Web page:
“Everyone involved had creativity, determination and the willingness to do something that didn’t exist,” says Hurwitz of the effort. “I didn’t think they could do it. I thought it was a done deal. I have never been happier to be wrong.”
Non-profit organizations can’t often take risks, but in this instance the collaboration was infused with an entrepreneurial spirit. On the part of Greenmarket, Hurwitz links this to support from the Doris Duke Charitable Foundation. “Doris Duke funds FARMroots’ succession planning work, and because they have a real understanding of issues facing farm families, they allow us to be creative, flexible, and imaginative,” he says.
Another factor contributing to the let’s-figure-it-out nature of the informal non-profit coalition is that Windfall itself has an exploratory mindset. Thanks to Pitts and his independent yet welcoming attitude, quite a few people have grown deeply connected to the farm.
The mentorship undertaken by FARMroots formalizes the habit of nurturing new farmers that’s long been in place on the land. The first pairing put young farmer Zach Pickens together with Pitts and Windfall in 2015. Pickens began visiting on weekends, riding on the Metro-North railroad with his collapsible bike. He was still running a rooftop farm in the city during the week, and started Farm Tournant with his wife Manda Martin on a single acre in 2016. The couple now have three acres on Windfall Farm, and a growing clientele in the city.
FARMroots is identifying and helping situate other new farmers on Windfall and Nemeth Farms land. The farmer-mentor receives an honorarium for 200 hours of time with each mentee, and the beginning farmer is paid travel expenses. The program provides technical support for this and other new operations, which will be linked to Greenmarket downstate.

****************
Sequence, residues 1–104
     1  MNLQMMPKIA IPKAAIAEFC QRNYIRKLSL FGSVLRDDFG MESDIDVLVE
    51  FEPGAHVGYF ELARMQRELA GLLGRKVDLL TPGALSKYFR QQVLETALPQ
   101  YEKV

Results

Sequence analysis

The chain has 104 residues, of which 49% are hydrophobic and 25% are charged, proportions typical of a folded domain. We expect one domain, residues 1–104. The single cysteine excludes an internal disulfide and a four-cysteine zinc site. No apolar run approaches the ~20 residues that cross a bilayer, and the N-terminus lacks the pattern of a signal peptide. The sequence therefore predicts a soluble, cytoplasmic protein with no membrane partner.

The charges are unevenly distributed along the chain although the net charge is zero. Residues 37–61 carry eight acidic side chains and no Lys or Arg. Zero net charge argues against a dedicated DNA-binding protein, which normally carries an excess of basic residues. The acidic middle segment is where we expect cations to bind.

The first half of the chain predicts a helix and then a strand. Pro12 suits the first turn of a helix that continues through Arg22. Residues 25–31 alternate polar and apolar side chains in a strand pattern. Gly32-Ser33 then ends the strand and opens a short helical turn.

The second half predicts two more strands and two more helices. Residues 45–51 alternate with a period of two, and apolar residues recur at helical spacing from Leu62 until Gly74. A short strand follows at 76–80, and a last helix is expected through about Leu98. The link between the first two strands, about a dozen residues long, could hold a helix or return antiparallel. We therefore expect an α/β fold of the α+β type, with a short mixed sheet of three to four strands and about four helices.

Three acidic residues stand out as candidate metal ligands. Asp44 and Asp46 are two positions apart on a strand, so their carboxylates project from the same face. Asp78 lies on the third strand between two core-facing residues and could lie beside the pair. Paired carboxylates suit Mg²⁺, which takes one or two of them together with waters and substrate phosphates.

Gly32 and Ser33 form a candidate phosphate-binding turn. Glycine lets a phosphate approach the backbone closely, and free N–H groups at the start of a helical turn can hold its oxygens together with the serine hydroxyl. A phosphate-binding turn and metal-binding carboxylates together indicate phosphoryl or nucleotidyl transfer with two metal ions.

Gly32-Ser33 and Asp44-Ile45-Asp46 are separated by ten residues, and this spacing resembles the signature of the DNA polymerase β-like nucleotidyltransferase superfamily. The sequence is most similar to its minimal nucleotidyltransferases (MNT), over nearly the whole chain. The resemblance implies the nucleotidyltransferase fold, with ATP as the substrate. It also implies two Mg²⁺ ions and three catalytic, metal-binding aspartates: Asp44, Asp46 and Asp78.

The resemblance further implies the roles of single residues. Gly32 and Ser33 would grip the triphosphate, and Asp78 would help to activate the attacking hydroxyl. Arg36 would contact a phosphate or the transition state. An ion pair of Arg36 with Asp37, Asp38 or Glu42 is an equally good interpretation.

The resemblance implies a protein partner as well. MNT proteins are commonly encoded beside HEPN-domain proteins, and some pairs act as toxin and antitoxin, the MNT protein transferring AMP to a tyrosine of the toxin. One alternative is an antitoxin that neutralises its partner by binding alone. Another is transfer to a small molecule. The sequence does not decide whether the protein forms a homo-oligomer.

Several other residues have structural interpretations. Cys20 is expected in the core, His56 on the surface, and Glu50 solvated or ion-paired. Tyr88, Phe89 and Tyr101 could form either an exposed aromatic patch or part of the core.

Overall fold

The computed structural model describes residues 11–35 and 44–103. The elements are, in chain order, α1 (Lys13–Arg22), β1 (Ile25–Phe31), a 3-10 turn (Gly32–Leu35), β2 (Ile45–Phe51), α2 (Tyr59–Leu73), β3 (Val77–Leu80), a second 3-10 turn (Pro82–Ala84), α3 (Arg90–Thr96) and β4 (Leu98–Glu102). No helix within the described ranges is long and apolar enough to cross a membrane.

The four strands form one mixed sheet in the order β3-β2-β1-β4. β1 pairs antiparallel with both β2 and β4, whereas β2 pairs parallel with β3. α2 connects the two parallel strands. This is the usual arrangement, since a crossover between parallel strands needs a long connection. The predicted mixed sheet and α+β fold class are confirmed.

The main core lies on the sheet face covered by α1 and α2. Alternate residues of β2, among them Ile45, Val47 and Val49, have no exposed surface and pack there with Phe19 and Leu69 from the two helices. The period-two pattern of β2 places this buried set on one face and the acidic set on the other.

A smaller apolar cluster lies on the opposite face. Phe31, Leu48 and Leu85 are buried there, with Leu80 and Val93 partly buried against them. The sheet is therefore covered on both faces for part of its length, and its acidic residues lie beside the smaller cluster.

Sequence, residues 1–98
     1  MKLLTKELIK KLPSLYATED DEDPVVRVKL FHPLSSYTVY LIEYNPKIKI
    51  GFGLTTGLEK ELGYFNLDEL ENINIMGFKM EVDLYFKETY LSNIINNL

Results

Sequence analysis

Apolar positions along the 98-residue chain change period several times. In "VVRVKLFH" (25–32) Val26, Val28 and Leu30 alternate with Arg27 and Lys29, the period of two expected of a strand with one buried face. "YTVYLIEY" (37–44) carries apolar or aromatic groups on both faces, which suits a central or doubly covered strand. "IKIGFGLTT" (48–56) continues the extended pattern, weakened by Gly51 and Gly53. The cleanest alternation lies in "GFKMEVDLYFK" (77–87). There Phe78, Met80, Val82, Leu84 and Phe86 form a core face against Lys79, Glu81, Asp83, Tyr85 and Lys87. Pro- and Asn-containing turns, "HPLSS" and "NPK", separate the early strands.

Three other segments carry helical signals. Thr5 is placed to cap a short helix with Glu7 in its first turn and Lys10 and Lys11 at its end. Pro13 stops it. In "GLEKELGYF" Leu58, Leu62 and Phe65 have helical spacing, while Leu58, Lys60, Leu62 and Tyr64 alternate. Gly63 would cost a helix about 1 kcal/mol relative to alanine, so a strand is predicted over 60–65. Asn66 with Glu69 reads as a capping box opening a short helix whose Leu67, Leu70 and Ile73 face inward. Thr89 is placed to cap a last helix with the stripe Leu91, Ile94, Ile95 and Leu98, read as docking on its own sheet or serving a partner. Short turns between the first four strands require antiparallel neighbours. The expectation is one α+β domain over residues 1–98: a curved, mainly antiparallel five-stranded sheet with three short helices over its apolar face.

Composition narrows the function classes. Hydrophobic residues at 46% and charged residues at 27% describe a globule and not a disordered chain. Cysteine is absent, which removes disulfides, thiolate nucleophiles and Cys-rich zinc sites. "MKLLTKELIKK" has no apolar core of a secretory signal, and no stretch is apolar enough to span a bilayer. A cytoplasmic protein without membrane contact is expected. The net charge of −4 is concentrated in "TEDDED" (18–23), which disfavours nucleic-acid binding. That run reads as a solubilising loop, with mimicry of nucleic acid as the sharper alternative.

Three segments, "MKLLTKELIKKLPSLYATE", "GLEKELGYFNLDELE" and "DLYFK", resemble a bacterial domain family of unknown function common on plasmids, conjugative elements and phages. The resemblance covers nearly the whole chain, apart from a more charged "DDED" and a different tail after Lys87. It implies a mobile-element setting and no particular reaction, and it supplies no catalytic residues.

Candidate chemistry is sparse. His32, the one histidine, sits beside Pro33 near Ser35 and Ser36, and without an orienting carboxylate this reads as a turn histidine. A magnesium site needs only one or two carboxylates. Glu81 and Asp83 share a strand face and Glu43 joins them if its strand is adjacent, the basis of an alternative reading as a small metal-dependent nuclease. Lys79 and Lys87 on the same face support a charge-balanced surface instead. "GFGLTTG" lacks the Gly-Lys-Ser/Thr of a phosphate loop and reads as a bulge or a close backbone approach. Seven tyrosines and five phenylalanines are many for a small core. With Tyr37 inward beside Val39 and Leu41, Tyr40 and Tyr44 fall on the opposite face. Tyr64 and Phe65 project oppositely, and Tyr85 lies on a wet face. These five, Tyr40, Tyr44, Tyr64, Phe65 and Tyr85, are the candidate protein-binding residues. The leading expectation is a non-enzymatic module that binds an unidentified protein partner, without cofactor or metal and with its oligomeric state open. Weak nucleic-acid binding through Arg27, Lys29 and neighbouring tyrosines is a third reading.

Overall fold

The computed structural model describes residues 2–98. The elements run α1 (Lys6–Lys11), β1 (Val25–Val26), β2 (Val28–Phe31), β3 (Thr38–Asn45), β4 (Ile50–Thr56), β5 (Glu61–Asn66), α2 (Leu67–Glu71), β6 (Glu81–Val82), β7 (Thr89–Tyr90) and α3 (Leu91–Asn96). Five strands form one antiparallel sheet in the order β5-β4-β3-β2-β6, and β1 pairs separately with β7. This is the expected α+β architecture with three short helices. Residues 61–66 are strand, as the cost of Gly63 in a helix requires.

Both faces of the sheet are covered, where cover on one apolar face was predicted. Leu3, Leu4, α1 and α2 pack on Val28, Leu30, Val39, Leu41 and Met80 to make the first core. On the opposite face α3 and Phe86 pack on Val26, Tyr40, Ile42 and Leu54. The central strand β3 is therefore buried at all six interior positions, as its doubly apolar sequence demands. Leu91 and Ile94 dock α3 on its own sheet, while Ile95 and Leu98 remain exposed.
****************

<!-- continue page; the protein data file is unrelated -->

It’s a novel style of farm incubation that grows jobs. Just as important, it helps secure existing farms; services like seed handlers and farm equipment shops rely on the business of farmers. And since most farming is machine farming, success relies on good access to tractor tires, fuel lines, and other essentials.
Making Windfall a place where others can farm and run independent businesses, too, required easements to be tailored to the particular goal and place.
“We built innovative easement language that allows for a farmer to own a house and agricultural infrastructure separate from the land,” says Matt Decker, director of Orange County Land Trust. That language is courtesy of Equity Trust and the agricultural model it based off of the affordable housing movement.
Once the agricultural future of a property is secured, there can be restrictions that prevent multiple farmers from building houses and living on the land. In Windfall’s situation, that’s not the case. The farm businesses and buildings, existing and emerging through the mentorship baked into its approach, are and will be legally separate from the property.
A few new land trusts have embraced this format, including South of the Sound Community Farm Land Trust, in Washington State; SILT, the Sustainable Iowa Land Trust; and Trust Montana.
Scenic Hudson took a broad stake five years ago in the entire Hudson Valley, stating intent to treat the farmscape as important as the upstate watershed by unveiling its Foodshed Conservation Plan.
The Hudson Valley has many initiatives that help launch and land farmers, incubators and training programs like The Farm Hub and Glynwood Farms, but creating a direct, and thoroughly serviced bridge from land preservation to New York City markets is new. Linking beginning farmers on the farm to a willing mentor addresses a whole chain of farm-to-table barriers: knowledge transfer, business support, land access, and connection to strong markets. Any one of those elements is tough to navigate alone, but the critical link to established markets, and well-tuned consumers, really appeals to Cari Watkins-Bates from Scenic Hudson.
“I can’t stress enough the significance of the potential role of New York City markets in helping protect land upstate,” she says. “Connecting GrowNYC’s work with emerging farmers to protected farmland in the Hudson Valley farmland is a big next step for the field.”